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Weiner, Abedin to separate after sexting revelation

August 29, 2016 Associated Press
In this photo taken Jan. 5, 2011, then-New York Rep. Anthony Weiner and his wife, Huma Abedin, an aide to then-Secretary of State Hillary Clinton, are pictured after a ceremonial swearing in of the 112th Congress on Capitol Hill in Washington. Democratic presidential candidate Hillary Clinton aide Huma Abedin says she is separating from husband Anthony Weiner after another sexting revelation involving the former congressman from New York. AP Photo/Charles Dharapak

Hillary Clinton aide Huma Abedin said Monday that she is separating from her husband,Anthony Weiner, after the former congressman was accused in yet another sexting scandal.

“After long and painful consideration and work on my marriage, I have made the decision to separate from my husband,” she said in a statement issued by Clinton’s presidential campaign. “Anthony and I remain devoted to doing what is best for our son, who is the light of our life. During this difficult time, I ask for respect for our privacy.”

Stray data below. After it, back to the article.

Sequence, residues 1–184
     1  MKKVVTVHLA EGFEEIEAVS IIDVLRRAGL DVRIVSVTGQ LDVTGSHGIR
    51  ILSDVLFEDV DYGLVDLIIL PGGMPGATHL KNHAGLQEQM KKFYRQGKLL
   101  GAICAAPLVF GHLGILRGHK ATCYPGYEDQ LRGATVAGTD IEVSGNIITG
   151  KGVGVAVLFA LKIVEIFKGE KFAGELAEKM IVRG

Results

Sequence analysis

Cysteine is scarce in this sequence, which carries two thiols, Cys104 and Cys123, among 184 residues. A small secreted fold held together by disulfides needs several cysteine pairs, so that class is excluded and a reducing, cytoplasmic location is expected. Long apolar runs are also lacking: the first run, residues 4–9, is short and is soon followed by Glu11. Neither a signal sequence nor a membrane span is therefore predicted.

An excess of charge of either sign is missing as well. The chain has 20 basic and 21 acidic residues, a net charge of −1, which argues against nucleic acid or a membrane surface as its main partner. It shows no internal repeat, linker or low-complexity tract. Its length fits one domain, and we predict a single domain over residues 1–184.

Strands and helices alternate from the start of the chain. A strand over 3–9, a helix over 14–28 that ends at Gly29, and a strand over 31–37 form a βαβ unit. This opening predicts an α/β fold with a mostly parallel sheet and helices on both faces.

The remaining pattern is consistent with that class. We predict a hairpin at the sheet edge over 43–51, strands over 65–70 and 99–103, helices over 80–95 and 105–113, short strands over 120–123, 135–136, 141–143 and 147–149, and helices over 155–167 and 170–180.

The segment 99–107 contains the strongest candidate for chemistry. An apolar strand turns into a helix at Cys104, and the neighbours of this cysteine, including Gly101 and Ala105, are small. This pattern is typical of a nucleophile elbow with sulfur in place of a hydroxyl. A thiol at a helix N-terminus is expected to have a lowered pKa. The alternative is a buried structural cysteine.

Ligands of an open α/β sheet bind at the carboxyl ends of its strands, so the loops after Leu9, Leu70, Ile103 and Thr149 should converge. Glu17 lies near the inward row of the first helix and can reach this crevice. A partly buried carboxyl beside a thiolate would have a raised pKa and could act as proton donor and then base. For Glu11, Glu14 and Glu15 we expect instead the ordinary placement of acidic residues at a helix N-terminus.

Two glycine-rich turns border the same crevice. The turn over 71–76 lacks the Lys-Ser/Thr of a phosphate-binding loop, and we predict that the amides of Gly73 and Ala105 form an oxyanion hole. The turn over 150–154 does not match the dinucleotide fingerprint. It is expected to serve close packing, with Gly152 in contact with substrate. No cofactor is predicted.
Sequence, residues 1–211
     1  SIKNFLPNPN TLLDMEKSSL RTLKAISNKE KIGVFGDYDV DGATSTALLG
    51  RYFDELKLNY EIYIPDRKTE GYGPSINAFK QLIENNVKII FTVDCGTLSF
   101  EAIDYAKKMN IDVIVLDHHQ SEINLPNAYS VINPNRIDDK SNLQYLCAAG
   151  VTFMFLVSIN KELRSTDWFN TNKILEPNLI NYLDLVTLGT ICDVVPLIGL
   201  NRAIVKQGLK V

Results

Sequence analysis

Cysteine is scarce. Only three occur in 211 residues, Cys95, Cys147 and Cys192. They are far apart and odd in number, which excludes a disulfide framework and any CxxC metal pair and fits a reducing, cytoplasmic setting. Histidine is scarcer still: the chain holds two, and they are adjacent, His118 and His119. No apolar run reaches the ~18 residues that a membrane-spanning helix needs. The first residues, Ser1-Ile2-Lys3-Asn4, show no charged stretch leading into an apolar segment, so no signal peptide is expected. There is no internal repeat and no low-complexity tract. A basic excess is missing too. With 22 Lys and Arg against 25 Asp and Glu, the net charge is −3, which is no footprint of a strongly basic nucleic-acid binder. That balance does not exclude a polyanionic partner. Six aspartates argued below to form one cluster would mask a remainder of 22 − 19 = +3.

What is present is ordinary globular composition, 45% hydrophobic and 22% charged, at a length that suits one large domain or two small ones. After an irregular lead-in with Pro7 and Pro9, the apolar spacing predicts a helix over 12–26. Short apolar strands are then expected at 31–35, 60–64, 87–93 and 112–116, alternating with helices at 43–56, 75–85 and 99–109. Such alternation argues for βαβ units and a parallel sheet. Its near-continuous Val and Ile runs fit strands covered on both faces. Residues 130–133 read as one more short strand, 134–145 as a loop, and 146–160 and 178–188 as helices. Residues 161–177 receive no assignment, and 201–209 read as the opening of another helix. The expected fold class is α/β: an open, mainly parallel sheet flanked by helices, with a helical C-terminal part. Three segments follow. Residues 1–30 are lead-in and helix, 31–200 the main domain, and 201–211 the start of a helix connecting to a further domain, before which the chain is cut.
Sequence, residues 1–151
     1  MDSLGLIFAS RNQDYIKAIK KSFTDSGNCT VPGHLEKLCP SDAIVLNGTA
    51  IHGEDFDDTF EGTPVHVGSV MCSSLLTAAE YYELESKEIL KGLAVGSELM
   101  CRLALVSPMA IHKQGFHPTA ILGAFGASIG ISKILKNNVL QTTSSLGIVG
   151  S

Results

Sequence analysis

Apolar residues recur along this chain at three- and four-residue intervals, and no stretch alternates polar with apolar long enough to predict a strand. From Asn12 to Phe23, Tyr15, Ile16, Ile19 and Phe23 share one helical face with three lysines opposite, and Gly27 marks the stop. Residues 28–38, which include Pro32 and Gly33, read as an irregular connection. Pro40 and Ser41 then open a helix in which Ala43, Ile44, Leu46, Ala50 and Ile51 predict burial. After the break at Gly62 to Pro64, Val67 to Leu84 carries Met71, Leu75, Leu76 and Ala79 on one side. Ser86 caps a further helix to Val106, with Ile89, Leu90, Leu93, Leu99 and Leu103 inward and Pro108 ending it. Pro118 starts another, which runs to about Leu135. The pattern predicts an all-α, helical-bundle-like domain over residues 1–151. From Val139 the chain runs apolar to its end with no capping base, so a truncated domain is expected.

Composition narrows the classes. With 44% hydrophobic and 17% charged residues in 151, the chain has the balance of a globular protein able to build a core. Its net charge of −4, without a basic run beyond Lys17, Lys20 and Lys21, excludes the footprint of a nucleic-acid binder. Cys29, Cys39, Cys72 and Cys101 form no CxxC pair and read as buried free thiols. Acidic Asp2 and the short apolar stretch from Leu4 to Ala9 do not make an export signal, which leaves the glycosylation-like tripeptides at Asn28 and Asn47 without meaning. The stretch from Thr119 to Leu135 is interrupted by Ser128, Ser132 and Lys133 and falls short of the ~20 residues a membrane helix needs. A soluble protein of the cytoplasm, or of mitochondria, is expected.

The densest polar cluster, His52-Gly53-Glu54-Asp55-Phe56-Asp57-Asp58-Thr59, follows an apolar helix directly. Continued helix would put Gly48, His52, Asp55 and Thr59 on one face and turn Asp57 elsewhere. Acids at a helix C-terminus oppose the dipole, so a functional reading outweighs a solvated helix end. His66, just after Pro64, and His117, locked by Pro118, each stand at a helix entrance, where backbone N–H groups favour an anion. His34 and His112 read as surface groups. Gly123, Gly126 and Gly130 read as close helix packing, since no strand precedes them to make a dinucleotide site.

The New York Post published photos late Sunday that it said Weiner had sent last year to a woman, whom it identified only as a “40-something divorcee” who lives “out West” and is a supporter of Donald Trump.

The photos included several shots of Weiner bare-chested and two close-ups of his bulging underwear. In one of the pictures, Weiner is in bed with his toddler son while he is texting the woman, according to the Post.

Weiner told the Post that he and the woman “have been friends for some time.”

“She has asked me not to comment except to say that our conversations were private, often included pictures of her nieces and nephews and my son and were always appropriate,” he told the newspaper.

Weiner didn’t return a phone call, text or email from The Associated Press. Weiner deleted his Twitter account Monday.

The Post didn’t say how it had obtained the photographs and messages.

Weiner, a Democrat from New York City, quit Congress in 2011 after it discovered that he was sending women sexually explicit messages. Weiner ran for mayor of New York in 2013, but that bid collapsed after it was reported that he was continuing to sext women.

Since then, Weiner has remained in the public eye, commenting on politics on a local cable news show. A documentary offering a cringe-inducing inside view of his mayoral campaign and its unraveling played in theaters earlier this year and is set to air on Showtime this fall.

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